Astonishing progress toward successful COVID-19 vaccines has built momentum to conquer infectious disease threats. In our latest video, infectious disease experts Harvey Fineberg, Julie Gerberding, Edward Holmes, Michael Osterholm and Lynda Stuart say a full-court press for a universal influenza vaccine should be next.
Pandemic Protection is Within Reach
As 2020 dawned, the virus now known as SARS-CoV-2 was spreading insidiously across a world almost entirely unaware of its presence. Within weeks it had ignited a pandemic that by year’s end is projected to claim nearly 2 million lives — a crisis that in turn sparked an unprecedented effort to produce vaccines against the coronavirus. Just as unimaginable — in 2019 — as the destruction COVID-19 would cause, is the likely prospect that at least two vaccines effective against a novel virus could be released within a year of its discovery.
Having glimpsed the light at the end of the tunnel that these vaccines represent, we must sustain momentum for vaccine development and apply it to avert future pandemics. Indeed, infectious disease experts say, we could potentially magnify the success of the COVID-19 vaccine effort by focusing next on a pandemic we know is coming — influenza — and on a broadly-protective, long-lasting universal influenza vaccine (UIV) that could stop any novel flu virus before it spreads.
“If you look at the risk assessment of what might emerge next and cause a big pandemic, flu is still number one” – Edward Holmes
In our latest video, five prominent voices in public health and infectious disease research make the case for pivoting from successful COVID-19 vaccines to the pursuit of a UIV: Julie Gerberding, chief patient officer and executive vice president at Merck and former CDC director; Michael Osterholm, director of the Center for Infectious Disease Research and Policy (CIDRAP) at the University of Minnesota and member of President-elect Biden’s COVID-19 advisory board; Lynda Stuart, deputy director of Vaccines and Human Immunobiology at the Bill and Melinda Gates Foundation; Edward Holmes, of the University of Sydney, Australia; and, Harvey Fineberg, president of the Gordon and Betty Moore Foundation, co-chair of the Sabin-Aspen Vaccine Science and Policy Group, and chair of the Standing Committee on Emerging Infectious Diseases and 21st Century Health Threats of the National Academies of Science, Engineering and Medicine, convened by request of the federal government in response to the coronavirus pandemic.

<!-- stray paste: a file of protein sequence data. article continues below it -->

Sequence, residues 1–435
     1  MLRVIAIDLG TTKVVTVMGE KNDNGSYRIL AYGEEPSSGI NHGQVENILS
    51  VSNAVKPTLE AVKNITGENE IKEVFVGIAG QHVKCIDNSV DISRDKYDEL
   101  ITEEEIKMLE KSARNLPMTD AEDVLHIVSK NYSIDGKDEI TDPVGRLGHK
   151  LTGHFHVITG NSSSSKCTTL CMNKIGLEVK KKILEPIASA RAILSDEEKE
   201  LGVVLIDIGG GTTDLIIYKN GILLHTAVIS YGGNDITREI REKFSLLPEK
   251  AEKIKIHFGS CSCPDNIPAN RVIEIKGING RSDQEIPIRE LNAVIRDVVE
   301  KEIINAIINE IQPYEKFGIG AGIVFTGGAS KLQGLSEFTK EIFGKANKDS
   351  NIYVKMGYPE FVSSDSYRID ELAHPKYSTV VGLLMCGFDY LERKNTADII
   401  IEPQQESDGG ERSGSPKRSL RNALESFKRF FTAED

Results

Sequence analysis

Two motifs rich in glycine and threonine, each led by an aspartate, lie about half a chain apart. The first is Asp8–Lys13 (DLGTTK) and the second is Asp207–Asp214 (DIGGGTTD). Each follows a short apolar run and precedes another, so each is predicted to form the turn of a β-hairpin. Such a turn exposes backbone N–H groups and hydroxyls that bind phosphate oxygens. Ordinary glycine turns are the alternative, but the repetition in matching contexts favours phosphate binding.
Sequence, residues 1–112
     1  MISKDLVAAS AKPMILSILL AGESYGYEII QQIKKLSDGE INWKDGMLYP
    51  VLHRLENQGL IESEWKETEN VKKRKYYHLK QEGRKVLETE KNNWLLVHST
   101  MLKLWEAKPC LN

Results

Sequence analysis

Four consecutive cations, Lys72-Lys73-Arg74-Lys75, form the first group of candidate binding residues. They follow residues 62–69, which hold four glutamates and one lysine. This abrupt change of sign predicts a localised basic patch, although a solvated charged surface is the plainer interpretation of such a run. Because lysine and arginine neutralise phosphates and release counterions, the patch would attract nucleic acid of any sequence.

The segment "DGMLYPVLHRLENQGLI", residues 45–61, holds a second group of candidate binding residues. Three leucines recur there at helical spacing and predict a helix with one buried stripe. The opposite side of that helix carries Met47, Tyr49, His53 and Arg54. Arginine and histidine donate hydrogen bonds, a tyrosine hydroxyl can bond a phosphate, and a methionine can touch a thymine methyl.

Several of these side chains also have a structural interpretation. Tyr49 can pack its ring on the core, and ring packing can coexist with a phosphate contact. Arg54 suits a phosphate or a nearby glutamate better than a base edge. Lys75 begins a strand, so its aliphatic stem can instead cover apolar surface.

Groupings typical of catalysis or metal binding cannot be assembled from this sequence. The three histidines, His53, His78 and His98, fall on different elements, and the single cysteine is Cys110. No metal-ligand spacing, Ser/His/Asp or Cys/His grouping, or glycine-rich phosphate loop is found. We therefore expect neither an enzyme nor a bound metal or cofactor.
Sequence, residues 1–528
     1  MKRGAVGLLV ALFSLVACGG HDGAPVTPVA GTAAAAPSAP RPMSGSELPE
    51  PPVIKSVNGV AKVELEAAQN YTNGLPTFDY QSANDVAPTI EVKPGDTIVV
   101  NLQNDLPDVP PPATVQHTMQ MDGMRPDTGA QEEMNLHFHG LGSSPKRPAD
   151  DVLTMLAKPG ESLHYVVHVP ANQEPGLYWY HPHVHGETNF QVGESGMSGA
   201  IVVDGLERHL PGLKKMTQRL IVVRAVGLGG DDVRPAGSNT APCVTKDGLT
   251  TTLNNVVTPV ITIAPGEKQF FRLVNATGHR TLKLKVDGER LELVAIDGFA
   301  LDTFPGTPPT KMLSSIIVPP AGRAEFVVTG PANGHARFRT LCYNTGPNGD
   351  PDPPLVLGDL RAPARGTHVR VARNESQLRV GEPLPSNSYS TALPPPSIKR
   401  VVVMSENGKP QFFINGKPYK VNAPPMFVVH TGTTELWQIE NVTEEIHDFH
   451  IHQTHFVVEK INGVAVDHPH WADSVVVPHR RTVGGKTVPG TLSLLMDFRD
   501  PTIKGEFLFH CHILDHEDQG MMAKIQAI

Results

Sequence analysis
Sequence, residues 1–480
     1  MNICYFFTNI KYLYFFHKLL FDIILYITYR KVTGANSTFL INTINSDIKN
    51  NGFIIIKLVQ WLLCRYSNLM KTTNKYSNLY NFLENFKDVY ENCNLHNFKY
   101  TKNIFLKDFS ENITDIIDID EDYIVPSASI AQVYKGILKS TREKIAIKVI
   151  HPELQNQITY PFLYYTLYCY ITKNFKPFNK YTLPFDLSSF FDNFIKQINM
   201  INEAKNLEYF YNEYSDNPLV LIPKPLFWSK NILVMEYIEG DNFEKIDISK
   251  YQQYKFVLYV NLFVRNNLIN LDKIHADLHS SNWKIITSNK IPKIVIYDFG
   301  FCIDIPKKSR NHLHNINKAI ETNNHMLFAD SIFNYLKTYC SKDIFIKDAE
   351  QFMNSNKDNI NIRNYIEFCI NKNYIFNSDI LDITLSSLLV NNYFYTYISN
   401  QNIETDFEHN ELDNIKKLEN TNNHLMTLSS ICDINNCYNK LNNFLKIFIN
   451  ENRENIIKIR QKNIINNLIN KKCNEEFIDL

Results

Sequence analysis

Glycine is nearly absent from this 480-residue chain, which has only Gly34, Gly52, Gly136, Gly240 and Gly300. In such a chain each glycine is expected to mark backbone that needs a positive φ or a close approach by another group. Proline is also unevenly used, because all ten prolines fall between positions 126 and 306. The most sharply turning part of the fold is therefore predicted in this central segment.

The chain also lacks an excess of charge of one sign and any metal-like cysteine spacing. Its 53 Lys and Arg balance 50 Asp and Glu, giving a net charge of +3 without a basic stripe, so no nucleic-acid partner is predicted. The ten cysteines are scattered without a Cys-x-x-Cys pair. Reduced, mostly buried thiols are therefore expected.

The influenza community has figured prominently in the response to COVID-19, with researchers, policy makers, and thought leaders bringing their vast expertise to fight the pandemic. At the same time, they have witnessed profound change in the vaccine development ecosystem, spanning research culture, funding structures and sources, and regulatory policy — as well as critical advancements in science and technology. As influenza experts return to pursuing the UIV they so strongly advocate, their quest should be accelerated by productive shifts forced upon the vaccine research and development ecosystem by COVID-19.
“If we had the template of a UIV, we would be prepared ahead of time, ready to deploy the vaccine at the first sign of the outbreak”-Harvey Fineberg
To support this goal, the Influenzer Initiative has launched several projects to explore how the COVID-19 experience can inform the future of the vaccine ecosystem. We aim to highlight novel and improved approaches to vaccine development, to identify factors that both enable and hinder progress toward safe and effective vaccines against SARS-CoV-2, and to assess the potential impact of this global endeavor on prospects for UIV development. Building on the remarkable collaborative scientific and technical response to COVID-19, we are also undertaking development of an innovation agenda for UIV development. This effort will begin in 2021 with a convening of researchers from diverse scientific and technological disciplines, in order to introduce new perspectives and novel tools to multiple challenges facing UIV development.
Encouraged by the powerful scientific and technical response to COVID-19, as well as by the urgency of the pandemic threat posed by influenza, the Influenzer Initiative seeks to harness the momentum and resources brought to bear against this pandemic to advance a UIV: the best means of avoiding another, more potentially devastating catastrophe.